Our political arena is full of people who don’t respect each other
Finally, a certain politician has apologized to the family of martyred Noor Hossain and apologized unconditionally in parliament for terming a national hero as an addict. He also labelled Noor Hossain as a mentally challenged person.
We still don’t know what was going on inside his brain when he decided to disgrace someone who was brutally killed by an autocrat whom this politician still follows. We are also unable to fathom how his party can still operate in our political arena.
This was an audacious act on part of this so-called leader. It was more surprising to see that, apart from only a few people, initially, no political leader reacted against his comment. Those who were near Noor Hossain and watched him being shot at kept eerily quiet. We didn’t expect such silence from them.
We expected wholehearted condemnation from all political leaders, from parties that had an active role during the anti-autocracy movement. But it was our media which raised the issue, and then everyone started condemning this man. The media, as always, did its part.
Let me also recall the fantastic role that the media played during those days when the entire nation rose up against the autocrat.
It was Noor Hossain’s mother, this time, perhaps, who had stood up for his son and for his sacrifice for the nation. She also pointed out our failure to remember Noor Hossain’s contribution at a very crucial moment in the history of this country.
This was also a reminder to us all that we haven’t done much for Noor Hossain or the family members that he had left behind. It’s time to think about what we can do for him and for his family members.
This politician should have known and realized how deep-seated the emotions of the Bangalis are against his late leader who ruled the country quite ruthlessly during the 80s. He shouldn’t have presumed that we had forgotten the era and what had happened during the time.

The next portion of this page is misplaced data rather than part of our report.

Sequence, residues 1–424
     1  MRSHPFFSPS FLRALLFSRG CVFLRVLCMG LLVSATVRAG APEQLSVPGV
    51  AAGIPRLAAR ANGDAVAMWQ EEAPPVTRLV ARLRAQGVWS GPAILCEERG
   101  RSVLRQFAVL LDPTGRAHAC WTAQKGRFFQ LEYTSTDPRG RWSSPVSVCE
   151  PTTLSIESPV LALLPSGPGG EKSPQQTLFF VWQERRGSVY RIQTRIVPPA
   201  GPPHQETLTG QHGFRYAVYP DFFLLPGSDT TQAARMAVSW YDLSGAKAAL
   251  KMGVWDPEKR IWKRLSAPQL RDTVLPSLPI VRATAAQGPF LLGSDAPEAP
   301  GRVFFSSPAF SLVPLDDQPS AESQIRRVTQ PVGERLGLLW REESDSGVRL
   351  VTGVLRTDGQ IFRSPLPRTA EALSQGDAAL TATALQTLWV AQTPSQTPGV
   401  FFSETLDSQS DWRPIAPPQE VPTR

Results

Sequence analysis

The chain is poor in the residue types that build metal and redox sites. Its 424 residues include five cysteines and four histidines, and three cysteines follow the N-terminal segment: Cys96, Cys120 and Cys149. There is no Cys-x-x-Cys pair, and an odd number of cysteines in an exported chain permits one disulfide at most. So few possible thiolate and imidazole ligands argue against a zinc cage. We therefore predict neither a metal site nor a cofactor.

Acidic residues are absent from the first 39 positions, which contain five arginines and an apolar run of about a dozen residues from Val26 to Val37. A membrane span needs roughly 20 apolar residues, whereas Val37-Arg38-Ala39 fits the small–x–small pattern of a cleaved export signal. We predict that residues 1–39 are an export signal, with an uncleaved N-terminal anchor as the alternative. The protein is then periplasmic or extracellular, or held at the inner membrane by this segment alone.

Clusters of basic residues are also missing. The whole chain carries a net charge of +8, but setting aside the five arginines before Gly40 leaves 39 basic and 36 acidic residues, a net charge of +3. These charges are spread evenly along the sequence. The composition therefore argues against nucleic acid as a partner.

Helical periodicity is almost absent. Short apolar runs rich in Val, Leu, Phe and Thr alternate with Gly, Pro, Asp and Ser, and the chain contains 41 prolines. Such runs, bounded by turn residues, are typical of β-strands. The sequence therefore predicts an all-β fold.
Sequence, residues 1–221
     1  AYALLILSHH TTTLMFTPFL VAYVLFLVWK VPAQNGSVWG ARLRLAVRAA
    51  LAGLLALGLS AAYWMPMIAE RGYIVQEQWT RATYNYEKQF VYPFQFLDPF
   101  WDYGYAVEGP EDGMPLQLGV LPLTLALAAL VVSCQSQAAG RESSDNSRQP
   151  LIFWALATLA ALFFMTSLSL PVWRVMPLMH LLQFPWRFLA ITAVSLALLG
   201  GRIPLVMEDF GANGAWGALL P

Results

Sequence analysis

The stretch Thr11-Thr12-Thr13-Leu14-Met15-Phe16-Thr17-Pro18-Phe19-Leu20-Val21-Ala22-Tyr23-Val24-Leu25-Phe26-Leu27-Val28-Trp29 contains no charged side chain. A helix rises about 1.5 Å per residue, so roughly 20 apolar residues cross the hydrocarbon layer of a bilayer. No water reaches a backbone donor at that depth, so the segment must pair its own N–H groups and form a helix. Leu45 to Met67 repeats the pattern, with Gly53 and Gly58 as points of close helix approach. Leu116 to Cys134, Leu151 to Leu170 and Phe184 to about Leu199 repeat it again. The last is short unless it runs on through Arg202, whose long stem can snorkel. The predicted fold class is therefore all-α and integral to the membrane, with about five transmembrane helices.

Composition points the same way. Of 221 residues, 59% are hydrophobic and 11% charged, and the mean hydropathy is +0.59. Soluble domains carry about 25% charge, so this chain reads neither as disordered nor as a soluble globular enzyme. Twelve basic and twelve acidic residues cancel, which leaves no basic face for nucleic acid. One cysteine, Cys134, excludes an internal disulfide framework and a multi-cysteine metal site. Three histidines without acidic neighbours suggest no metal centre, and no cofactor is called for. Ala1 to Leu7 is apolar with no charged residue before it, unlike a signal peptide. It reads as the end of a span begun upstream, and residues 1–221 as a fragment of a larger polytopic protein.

The memories and the scars are quite vivid in the minds of a huge number of people who survived that reign. That reign was indeed one of the unhappiest episodes in the history of Bangladesh.
Those of us who have seen the movement closely enough not to forget probably also wouldn’t forget what this politician said against the hero who had inspired us in the later years of the movement. The anti-autocracy movement of Bangladesh and heroes like Noor Hossain will always be remembered.
All those who were intimidated, tortured, and had to sacrifice their lives during that time will be remembered as national heroes no matter what politicians say about them.
People like him should have understood by now that we Bangalis could never live under any strongman and we would never accept the role of a legacy that the autocrat had left behind.
Having said that, we have to say that our political arena is full of people who don’t respect each other, who don’t seem to value the contribution of others in society. Appreciating others is foreign to our politicians, as we have seen on uncountable instances of mud-slinging among the political lot.
We don’t expect that a member of the political organization that was founded by the autocrat would appreciate what Noor Hossain did for the whole nation. They would surely try to demean the valour that he showed against the autocratic regime’s injustices.
The politician in question, in effect, unknowingly, has done a great job for us. He has reminded many of us of Noor Hossain and what happened during that regime.
Noor Hossain has come back with renewed vigour as a bigger hero, and we have another opportunity to collectively express our respect for him. Thank you, Mr Politician, for stirring our memory and leading us towards a renewed love for Noor Hossain.
Ekram Kabir is a story-teller. His other works can be found on ekramkabir.com.